Forecasting holiday inventory needs is like predicting the weather: Technology can help to some degree, but it’s a far-from-exact science. As of late September, many catalogers told CATALOG AGE that the outlook for this holiday season was conservative, with a chance of overstocks.
Given the choice of losing sales due to backorders or ending the season with a warehouse full of inventory to liquidate, J&R Music and Computer World “wouldn’t want either scenario, of course,” says advertising marketing director Abe Brown. But because J&R opened a liquidation store earlier this year to unload excess product, Brown says he’d be more comfortable with “a little more overstock — but not too much.”
The New York-based cataloger/ retailer of consumer electronics has expanded into two additional merchandise categories this year: emergency equipment and upscale household appliances. And when it comes to the former, stocking excess supply can be handy.
“We learned right after the August blackout that people were coming to us all of a sudden for any sort of emergency equipment for blackouts — like portable radios, portable ovens — so we promoted them on our Website,” Brown says. “Then [Hurricane Isabel] came along in September, so we promoted emergency supplies in all three of our channels. We didn’t have enough emergency equipment in stock during the blackout, so now we’re gearing up for holiday.”
Demand has also been strong for higher-end vacuum cleaners, microwave ovens, and other household appliances, so J&R plans to stock 20%-30% more of them for holiday than it did last year, Brown says.
Linens cataloger Domestications, part of Edgewater, NJ-based Hanover Direct, has an initial fill rate of 80%, “so we’re able to deliver better customer service” by filling more orders completely, says vice president of inventory control Gina Pulzello. Last year the initial fill rate for Domestications was 73%; in previous years it was even lower.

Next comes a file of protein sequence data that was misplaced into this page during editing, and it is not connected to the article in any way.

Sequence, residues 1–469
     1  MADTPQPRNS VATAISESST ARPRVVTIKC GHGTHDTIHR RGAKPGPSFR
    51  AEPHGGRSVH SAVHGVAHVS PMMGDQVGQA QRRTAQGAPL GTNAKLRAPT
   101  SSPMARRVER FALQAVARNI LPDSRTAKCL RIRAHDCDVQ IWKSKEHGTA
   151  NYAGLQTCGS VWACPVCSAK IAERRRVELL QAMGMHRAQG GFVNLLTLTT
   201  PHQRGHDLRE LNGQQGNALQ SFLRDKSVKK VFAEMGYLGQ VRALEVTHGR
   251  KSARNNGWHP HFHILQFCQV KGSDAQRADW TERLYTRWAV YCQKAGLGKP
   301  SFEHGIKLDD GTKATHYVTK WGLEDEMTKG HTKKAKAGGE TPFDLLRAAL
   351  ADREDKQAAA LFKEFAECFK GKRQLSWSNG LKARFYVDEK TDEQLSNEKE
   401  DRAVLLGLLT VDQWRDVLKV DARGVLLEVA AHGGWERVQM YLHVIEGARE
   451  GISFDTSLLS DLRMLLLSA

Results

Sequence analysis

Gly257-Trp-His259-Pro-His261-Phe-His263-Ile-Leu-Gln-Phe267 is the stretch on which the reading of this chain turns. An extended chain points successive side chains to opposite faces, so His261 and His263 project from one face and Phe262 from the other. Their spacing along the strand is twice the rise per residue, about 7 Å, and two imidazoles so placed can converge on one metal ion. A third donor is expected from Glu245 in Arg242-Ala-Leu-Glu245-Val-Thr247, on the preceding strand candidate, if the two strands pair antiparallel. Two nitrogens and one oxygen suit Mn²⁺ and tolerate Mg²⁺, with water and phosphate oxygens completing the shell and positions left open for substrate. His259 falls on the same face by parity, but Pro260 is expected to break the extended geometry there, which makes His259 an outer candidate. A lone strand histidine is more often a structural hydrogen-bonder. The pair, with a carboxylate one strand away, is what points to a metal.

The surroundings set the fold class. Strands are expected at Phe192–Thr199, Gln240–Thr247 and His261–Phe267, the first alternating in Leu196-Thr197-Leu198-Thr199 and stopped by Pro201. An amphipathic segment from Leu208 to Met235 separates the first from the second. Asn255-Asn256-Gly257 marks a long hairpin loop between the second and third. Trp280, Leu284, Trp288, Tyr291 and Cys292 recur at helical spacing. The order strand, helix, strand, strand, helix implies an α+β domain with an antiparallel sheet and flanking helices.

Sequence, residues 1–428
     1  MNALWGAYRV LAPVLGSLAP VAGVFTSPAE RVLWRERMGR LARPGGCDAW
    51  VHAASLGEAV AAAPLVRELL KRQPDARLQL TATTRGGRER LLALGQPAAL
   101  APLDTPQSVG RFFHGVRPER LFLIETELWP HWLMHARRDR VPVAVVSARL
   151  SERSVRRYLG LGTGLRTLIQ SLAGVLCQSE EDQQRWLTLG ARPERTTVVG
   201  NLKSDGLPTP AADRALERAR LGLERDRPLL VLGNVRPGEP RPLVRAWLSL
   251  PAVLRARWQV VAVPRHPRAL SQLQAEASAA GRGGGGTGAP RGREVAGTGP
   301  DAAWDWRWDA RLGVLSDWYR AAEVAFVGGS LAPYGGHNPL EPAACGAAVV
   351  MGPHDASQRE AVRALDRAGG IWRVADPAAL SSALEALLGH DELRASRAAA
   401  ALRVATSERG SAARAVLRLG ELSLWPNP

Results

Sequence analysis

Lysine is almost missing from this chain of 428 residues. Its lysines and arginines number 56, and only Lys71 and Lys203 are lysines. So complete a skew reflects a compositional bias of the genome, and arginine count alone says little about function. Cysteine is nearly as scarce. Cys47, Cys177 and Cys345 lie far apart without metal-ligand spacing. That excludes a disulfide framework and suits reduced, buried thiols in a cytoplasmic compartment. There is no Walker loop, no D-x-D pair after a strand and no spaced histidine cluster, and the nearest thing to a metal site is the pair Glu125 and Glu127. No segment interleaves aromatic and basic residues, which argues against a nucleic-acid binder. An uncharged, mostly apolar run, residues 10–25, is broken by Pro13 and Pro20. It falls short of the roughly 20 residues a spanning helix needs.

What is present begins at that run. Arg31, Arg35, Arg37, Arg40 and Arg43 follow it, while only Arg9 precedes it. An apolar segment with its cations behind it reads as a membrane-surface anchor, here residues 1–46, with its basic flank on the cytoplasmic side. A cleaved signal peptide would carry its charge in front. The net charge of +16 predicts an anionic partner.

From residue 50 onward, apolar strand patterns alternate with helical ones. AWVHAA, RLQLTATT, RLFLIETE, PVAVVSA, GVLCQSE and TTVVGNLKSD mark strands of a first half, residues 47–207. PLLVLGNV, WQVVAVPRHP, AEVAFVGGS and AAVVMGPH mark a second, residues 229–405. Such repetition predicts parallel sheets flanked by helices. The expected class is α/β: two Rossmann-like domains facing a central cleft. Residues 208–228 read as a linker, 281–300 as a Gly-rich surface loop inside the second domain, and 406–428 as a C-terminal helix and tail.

The higher fill rates have “significantly reduced backorders,” Pulzello says. And for the merchandise that doesn’t sell, Domestications introduced a clearance catalog this past April to help it unload overstocks. “Our philosophy is, ‘Mark it down, down and dirty, and get rid of it,’” she says. The company already plans to mail a clearance book in November to move holiday items that aren’t selling.
For the direct division of Hollywood, CA-based women’s apparel cataloger/ retailer Frederick’s of Hollywood, having ample inventory is paramount. Direct planning manager Debbie Parker reports that Frederick’s has improved its initial fill rate from 89% last year to 92% this year, largely by encouraging vendors to improve their in-stock percentages by Frederick’s catalog mail dates.
The company’s final fill rate for its fiscal year ended July 31 was 94.3%, up from 86.4% the previous year, and Parker hopes it will rise to 94.6% for the holiday season. All told, the fill rate improvements “added millions of dollars to our company,” she says.
Playing it safe
But for the most part, “I don’t see anybody being overly aggressive with inventory,” observes fulfillment consultant Curt Barry, president/CEO of Richmond, VA-based F. Curtis Barry & Co. “Inventory planning is just in line with what the sales plans are — which is basically conservative and even with holiday 2002.”
And with the economy still shaky and the memory of overstocks last holiday due to sales shortfalls still fresh in their minds, some mailers would rather risk back-orders than overstocks.
Manchester, VT-based outdoor gear, apparel, and home goods cataloger/ retailer Orvis Co. will heavily stock “signature” items such as twill pants and travel jackets, says Garrett Larson, vice president, inventory and sourcing. But Orvis is planning to reduce holiday overstocks by tightening its inventory strategy and maximizing multichannel seling tools, he adds.